Download CAN configuration guide for ifm product using CoDeSys

yes no Was this document useful for you?
   Thank you for your participation!

* Your assessment is very important for improving the work of artificial intelligence, which forms the content of this project

CAN configuration guide for ifm product using CoDeSys
Insure that the network variable COB-ID usage does not conflict with
any CANopen device IDs in the PLC configuration or the IDs
associated with any function blocks of type CAN Tx and Rx.
When selecting the option to Pack variables, be aware of potential for
ID conflicts with data types exceeding 8 bytes.
Network variables do not support the transfer of string type variables.
Network variables can be transferred on event (other variable), on
change, and cyclically.
Interval time denotes the period between transmissions when using
cyclic mode, while minimum gap indicates the elapsed time necessary
before a transmission occurs, if the variable changes too often.
Although both CAN Rx and CAN Tx can be called more than once per
cycle, it is generally not recommended.
Note that each call to CAN Tx and Rx only reads or writes a single
message (8 bytes).
To reduce peak bus load, transmissions using CAN Tx and Network
variables can be parsed over several cycles using event driven
In the PLC configuration the CANopen master settings should be as
follows: Com Cycle Period and Sync Window Length should be set to
the same value. This value must be greater than the PLC cycle time.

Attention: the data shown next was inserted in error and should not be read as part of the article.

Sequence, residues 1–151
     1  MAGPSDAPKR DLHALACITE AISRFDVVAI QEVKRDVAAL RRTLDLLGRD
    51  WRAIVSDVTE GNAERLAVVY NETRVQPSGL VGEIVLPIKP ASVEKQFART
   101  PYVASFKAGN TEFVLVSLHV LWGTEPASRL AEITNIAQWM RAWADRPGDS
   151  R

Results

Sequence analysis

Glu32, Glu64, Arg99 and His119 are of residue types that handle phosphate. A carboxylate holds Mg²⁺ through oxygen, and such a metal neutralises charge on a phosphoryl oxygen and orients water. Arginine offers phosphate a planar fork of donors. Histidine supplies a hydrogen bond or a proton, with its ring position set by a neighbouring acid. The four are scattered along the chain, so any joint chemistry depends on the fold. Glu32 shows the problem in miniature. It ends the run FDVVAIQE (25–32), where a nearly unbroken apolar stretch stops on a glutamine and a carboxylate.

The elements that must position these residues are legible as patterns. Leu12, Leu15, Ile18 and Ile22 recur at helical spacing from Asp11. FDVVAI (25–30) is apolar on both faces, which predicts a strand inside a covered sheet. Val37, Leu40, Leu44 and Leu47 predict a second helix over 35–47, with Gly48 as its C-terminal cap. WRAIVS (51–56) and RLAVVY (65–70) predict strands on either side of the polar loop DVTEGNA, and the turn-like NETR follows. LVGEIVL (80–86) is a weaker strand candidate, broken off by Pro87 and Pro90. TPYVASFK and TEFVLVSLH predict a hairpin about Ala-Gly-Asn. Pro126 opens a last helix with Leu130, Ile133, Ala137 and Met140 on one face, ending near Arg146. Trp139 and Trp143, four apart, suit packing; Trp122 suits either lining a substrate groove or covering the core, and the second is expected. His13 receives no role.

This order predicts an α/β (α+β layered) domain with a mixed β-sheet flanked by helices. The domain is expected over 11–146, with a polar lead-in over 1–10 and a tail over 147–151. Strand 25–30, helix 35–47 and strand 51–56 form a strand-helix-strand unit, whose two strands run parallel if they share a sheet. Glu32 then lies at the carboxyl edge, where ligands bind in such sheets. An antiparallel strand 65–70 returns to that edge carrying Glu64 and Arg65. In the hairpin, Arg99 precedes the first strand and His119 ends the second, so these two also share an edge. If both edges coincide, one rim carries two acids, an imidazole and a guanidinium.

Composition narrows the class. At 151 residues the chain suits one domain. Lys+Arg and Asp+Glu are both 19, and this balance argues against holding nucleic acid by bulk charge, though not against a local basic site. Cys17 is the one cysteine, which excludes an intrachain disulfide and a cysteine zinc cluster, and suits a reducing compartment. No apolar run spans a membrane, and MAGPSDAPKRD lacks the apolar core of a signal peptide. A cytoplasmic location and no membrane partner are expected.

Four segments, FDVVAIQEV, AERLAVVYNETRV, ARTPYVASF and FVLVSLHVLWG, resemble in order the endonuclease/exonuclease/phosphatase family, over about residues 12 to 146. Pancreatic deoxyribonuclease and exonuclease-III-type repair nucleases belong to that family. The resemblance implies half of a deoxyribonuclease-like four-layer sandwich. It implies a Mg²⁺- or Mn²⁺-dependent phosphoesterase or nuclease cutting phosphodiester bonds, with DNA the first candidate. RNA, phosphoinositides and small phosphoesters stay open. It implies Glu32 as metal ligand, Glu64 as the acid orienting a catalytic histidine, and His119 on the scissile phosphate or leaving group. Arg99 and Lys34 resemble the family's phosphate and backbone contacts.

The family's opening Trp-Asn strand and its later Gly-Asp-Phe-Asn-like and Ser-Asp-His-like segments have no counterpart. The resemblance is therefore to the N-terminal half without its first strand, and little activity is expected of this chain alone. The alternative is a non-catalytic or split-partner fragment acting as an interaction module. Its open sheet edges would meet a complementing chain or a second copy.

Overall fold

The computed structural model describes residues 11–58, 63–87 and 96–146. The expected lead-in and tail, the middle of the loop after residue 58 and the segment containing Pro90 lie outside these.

Note that setting the Communication cycle period in the slave causes
the slave to monitor the network for a synch object from the master in
that time period, so if using this mechanism; it must be longer than the
master synch time.
We recommend that slaves be set as optional and the network be set to
automatic startup. This reduces unnecessary bus traffic and will allow
a momentarily lost slave to re-establish connection to the network.
Since we do not have an inhibit timer, it is recommended that analog
inputs be set to synchronous communication to prevent overloading
the bus.
For binary inputs, especially those that occur infrequently, it is best to
set asynchronous communication with an event timer.
Use caution when monitoring slave status as there is a delay at boot up
before the slaves are operational. Also be aware when shutting down
the system that the slaves may lose power earlier than the master due
to supply capacitance in the master and the master may see a change in
slave status at this time.
Where possible use heartbeat instead of node guarding as it is a newer
more efficient mechanism.